After a year in which the General Assembly drastically reduced funding for Northern Virginia transportation projects by shifting a portion of the region’s special tax revenues to cover Metro costs, county supervisors could go after state money for big-ticket road projects.
Supervisors have taken a preliminary step in applying for state funding from the Commonwealth Transportation Board, picking 21 projects to send to send to the Virginia Department of Transportation to be screened prior to a formal application. This year, the county can submit up to 10 roadway and 10 transit projects to be evaluated by Smart Scale, the process by which VDOT ranks projects for funding. In the preapplication process, the county is considering 19 roadway projects and two transit projects.
And with less funding available from the Northern Virginia Transportation Authority’s regionally generated revenues this year, board Vice Chairman Ralph M. Buona (R-Ashburn) said it’s time to start pitting expensive Northern Virginia projects against projects from across the commonwealth for state money. He said the region’s projects will likely rank highly—and get attention from state legislators who this year voted to strip regional transportation funding.
Under the state’s evaluation system, top-ranking Smart Scale projects will be those that reduce the number of crashes, relieve congestion, improve access to jobs, address air quality and environmental concerns, and promote economic development.
“Frankly, guys, Northern Virginia’s priorities are going to rank very high on congestion, and Smart Scale is statewide money,” Buona said during Tuesday’s Board of Supervisors meeting. “And if we start taking down state money, we’re going to start getting some attention over the legislation. so there’s a broader strategy we have to play out here to flood Smart Scale with our big-ticket items.”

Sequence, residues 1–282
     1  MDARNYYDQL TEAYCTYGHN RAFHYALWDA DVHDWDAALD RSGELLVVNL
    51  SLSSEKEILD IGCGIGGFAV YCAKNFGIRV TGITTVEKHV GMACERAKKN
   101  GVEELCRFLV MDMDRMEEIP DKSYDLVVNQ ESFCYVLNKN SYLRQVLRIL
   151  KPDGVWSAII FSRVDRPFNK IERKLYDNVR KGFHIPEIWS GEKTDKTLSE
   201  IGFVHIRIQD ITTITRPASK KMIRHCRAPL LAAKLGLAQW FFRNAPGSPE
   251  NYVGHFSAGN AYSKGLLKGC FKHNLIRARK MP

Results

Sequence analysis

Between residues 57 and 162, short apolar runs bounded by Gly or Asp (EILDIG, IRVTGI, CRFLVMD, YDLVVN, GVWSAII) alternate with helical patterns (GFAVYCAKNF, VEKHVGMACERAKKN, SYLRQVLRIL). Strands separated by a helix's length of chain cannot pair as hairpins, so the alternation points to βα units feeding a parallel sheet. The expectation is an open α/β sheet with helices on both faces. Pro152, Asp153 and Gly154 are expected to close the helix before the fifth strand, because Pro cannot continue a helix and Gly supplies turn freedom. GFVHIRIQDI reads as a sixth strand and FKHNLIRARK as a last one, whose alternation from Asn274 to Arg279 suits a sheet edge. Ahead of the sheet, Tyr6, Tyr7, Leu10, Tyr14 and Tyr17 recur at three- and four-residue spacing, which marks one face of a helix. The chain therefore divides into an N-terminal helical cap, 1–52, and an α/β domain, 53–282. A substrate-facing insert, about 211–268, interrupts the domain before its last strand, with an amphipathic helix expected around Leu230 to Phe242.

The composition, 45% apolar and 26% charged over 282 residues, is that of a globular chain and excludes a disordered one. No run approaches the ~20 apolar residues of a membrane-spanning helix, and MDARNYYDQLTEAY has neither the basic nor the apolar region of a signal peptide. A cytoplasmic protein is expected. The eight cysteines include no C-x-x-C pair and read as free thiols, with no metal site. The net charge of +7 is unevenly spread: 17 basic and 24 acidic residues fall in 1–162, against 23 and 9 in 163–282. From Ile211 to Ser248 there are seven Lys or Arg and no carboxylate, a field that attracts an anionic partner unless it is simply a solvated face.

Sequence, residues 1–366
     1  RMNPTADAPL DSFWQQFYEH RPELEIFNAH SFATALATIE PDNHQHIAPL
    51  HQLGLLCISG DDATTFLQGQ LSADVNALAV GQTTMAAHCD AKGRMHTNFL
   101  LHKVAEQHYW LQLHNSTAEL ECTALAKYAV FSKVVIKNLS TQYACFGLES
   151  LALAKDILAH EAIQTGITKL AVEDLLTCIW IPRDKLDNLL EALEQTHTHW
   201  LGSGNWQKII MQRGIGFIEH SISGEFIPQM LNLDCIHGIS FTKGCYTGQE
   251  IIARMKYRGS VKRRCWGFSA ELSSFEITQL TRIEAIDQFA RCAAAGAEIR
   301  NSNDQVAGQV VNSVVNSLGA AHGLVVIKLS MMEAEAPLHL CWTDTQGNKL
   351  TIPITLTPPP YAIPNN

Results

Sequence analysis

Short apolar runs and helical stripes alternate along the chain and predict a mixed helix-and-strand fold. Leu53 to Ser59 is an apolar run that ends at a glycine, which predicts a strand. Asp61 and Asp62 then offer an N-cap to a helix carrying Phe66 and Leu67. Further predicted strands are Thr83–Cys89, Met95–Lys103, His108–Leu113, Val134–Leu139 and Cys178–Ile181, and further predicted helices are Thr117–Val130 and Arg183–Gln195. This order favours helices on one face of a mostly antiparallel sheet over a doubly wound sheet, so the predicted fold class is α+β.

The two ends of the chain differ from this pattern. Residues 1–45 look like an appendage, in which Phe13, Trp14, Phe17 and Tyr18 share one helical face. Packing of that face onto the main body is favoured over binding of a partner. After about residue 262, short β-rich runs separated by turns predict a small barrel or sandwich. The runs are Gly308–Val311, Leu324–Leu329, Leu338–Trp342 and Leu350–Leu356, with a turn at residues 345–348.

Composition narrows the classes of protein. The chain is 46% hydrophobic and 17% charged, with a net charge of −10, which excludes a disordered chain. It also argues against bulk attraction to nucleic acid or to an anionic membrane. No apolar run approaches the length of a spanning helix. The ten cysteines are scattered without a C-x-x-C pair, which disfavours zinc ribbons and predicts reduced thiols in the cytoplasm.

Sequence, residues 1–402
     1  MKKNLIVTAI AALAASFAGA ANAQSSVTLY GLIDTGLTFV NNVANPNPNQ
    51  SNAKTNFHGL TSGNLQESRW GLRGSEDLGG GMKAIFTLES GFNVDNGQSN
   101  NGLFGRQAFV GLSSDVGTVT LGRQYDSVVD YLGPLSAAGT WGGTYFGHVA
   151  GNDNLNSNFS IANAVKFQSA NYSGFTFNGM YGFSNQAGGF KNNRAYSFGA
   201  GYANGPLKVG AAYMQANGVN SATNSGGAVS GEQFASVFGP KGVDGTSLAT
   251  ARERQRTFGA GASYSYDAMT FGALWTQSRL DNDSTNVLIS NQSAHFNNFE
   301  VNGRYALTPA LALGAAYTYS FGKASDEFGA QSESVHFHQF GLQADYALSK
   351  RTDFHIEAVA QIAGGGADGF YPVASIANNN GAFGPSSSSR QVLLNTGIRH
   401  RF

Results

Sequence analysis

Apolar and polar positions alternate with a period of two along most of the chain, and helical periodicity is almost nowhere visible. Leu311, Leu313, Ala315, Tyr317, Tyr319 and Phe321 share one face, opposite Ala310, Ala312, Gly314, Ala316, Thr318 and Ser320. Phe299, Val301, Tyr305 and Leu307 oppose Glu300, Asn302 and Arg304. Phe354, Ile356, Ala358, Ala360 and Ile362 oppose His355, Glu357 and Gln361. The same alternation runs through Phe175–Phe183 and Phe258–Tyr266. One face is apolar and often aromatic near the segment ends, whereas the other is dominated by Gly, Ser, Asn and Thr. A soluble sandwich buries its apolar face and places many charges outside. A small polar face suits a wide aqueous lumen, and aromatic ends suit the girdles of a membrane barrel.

NVTA leaders have warned that if there is less locally-sourced funding for transportation projects, the entire state will feel the impact as Northern Virginia projects increasingly compete with projects from around the state. Buona said he suggested the same strategy to other NVTA jurisdictions during a recent meeting.
At the meeting, supervisors also added projects to connect Northstar Boulevard between Shreveport Drive to Rt. 50 and to widen Rt. 15 from Lucketts to the Point of Rocks Bridge. Those projects have been submitted for funding from the NVTA, but have been included in preliminary Smart Scale consideration as a fallback.
Several other projects recommended by the county’s transportation staff have also been submitted to the NVTA for consideration. NVTA decisions are expected before the deadline to formally submit to Smart Scale.
Last year, Loudoun County submitted 23 projects totaling more than $592 million to Smart Scale. The Commonwealth Transportation Board recommended funding seven of them, totally nearly $81 million.
Smart Scale rankings are not binding on the state’s funding decisions. In 2016, the first year of Smart Scale rankings, the Commonwealth Transportation Board opted not to fund the Northstar Boulevard connection from Shreveport Drive to Rt. 50, despite the project ranking high enough compared to other projects.